The Yoga Mat Hack
One of my favorite ways to find inspiration is to watch as other creative people work.
And one of the best places to find creativity is in the presence of significant constraints.
Most indie filmmakers work with a prominent constraint – limited capital – to create an artistic work. The input to the filmmaking process is passion and a small budget, and the output is (at least ideally) a compelling film that is enjoyable for the audience to experience.
After thoroughly enjoying Another Earth, I came across the following clip while researching how the film was made:
Brit Marling explains how they shot the scene that depicts Rhoda, the character she plays, being released from prison:
This was the kind of movie where almost everything was for free.
The jail, the scene where Rhoda was released from prison, we couldn’t afford to shoot the exterior of a prison.
So Mike [Cahill] and I just drove around Connecticut in his mom’s car until we found a prison that we could get close enough to the front entrance, and then Mike parked across the street, rolled down the driver side window and was holding the camera, and I put the costume on in the passenger seat.
I took a yoga mat out of the back of the car, and I walked into the prison and I was like “Hi, I’m here to teach yoga”, and they were like “What?” and I was like “Yeah!”, as if I do it all the time. And they went to go and figure out that problem, and I dropped the yoga mat and turned around and walked out in costume, and Mike shot it.
And that is the release from prison shot in the film.
That’s a lot of how this film was made.
Floored by the yoga mat hack, I was obliged to learn more:
She [Brit] moved to Los Angeles to act and, after spending a couple of years exploring the movie industry and being offered roles as “the cute blonde in horror movies”, she taught herself to write, reasoning that the best way to get decent parts was to write them, herself.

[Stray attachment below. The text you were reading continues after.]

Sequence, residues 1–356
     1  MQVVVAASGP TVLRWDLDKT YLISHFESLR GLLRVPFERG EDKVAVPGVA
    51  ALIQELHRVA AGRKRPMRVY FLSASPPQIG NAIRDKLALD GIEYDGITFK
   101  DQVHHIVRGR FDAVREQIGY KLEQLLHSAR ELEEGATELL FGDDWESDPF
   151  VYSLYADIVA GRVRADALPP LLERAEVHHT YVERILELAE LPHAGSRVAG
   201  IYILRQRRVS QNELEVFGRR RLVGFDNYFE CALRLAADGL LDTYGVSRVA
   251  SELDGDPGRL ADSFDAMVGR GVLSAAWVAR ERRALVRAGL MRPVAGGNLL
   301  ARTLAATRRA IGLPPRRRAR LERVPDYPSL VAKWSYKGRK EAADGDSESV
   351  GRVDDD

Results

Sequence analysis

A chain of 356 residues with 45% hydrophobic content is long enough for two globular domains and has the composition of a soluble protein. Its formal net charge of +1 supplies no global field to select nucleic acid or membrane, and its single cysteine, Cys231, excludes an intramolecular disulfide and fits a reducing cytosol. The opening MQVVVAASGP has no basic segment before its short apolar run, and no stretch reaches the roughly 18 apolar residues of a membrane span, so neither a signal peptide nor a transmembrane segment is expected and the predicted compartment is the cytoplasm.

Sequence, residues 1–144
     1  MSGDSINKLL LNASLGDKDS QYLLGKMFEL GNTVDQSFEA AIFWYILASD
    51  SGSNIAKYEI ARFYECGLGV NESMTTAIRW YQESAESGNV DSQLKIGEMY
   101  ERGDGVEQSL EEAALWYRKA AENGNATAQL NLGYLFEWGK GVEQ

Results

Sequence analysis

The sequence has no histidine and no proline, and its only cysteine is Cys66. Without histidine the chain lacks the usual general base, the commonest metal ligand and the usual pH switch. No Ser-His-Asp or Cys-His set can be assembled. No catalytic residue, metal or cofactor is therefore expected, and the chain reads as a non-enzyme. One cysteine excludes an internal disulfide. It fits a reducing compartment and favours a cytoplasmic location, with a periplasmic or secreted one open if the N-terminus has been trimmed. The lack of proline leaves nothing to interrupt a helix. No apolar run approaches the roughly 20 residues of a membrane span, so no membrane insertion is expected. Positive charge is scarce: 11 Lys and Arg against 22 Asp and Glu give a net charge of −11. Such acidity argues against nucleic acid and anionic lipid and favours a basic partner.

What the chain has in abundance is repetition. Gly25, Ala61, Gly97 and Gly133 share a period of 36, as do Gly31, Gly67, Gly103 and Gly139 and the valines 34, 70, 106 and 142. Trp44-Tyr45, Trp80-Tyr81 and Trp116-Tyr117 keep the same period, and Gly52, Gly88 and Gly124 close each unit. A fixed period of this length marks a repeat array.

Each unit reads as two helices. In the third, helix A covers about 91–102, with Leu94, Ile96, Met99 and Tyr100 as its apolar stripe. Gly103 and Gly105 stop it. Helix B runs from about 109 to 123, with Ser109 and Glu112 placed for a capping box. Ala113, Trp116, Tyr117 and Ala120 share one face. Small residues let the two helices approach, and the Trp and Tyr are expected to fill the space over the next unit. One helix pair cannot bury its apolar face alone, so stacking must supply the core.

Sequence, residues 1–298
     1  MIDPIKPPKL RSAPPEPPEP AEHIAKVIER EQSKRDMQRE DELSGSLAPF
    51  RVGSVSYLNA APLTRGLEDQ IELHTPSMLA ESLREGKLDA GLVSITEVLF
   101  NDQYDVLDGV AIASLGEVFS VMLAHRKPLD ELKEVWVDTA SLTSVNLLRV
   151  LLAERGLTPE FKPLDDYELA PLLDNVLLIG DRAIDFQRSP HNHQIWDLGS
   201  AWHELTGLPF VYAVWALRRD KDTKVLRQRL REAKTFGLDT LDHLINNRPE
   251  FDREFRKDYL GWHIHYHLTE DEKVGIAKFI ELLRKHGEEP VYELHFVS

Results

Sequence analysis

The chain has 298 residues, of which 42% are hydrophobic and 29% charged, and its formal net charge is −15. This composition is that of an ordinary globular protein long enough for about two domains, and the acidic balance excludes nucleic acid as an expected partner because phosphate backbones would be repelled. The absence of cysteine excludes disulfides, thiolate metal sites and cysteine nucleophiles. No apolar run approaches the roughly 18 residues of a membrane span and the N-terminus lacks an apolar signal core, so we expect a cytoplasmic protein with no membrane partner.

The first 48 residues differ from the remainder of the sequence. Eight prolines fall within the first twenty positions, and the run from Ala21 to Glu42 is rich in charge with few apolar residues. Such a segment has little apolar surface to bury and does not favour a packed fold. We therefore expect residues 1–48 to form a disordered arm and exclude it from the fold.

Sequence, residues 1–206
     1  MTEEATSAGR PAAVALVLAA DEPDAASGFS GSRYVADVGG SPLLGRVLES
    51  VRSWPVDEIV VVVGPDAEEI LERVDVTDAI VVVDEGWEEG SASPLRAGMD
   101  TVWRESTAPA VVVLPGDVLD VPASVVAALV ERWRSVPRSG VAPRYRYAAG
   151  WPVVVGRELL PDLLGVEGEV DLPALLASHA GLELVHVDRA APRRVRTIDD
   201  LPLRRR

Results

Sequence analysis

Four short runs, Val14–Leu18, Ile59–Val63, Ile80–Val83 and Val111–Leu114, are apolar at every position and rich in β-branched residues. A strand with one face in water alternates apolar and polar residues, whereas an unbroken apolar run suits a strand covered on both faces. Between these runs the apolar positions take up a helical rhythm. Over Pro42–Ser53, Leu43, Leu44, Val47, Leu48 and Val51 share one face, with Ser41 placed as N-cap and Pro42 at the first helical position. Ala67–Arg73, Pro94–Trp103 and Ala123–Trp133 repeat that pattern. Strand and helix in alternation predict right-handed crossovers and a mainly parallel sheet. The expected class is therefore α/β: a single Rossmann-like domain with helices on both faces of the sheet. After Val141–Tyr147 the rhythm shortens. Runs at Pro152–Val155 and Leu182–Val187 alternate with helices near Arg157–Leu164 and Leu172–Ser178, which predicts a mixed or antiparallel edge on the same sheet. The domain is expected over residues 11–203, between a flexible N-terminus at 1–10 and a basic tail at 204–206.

Brit Marling’s IMDB bio
There is undoubtedly a constraint on the number of interesting roles available to a budding actress. Especially given the number of budding actresses in Los Angeles.
But writing your own parts changes the playing field.
The bio continues:
She worked on two movies, simultaneously - one in the mornings, one in the afternoons - and eventually both Another Earth (2011) and Sound of My Voice (2011) premiered at the Sundance Film Festival in 2011.
(Perseverance doesn’t hurt, either.)
This link between creativity and constraints is fascinating.
Igor Stravinsky famously wrote in “Poetics of Music in the Form of Six Lessons”:
My freedom thus consists in my moving about within the narrow frame that I have assigned to myself for each one of my undertakings. I shall go even further: my freedom will be so much the greater and more meaningful the more narrowly I limit my field of action and the more I surround myself with obstacles. Whatever diminishes constraint diminishes strength. The more constraints one imposes, the more one frees oneself of the claims that shackle the spirit.
(i.e., treat constraints as advantages in disguise.)
Scott Berkun took this even further, questioning if it is indeed possible to be creative in the absence of constraints.
Certain types of creative work do not require committing to a finished product. (Consider the difference in finality between releasing a movie, and releasing Web-based software that can be updated instantly without user intervention or any discernable disruption.)
In these cases, rapid iteration is a highly effective way to work.
Iteration-centric processes are effective because frequent checkpoints afford an opportunity for constant learning and course correction (think: “ready, fire, aim”).
However, there is a hidden benefit.
Iteration is about delivering small (i.e., highly constrained) units of change. This constraint imposes a significant challenge: determining the smallest units of change that will add the most overall value. And the accompanying mindset shift, from “what are all the possible things that can be done next?”, to “what are the smallest changes that will make the most difference?”, is profound.
When you have the opportunity to work iteratively, take it.
A few anecdotes are hardly proof.
But at least some data suggests that there are benefits to be gained by applying constraints liberally – even, counter-intuitively, constraints that don’t necessarily need to be there – as a means of channeling creativity and thus increasing quality.
Constraints, it seems, are a lot like creative fuel.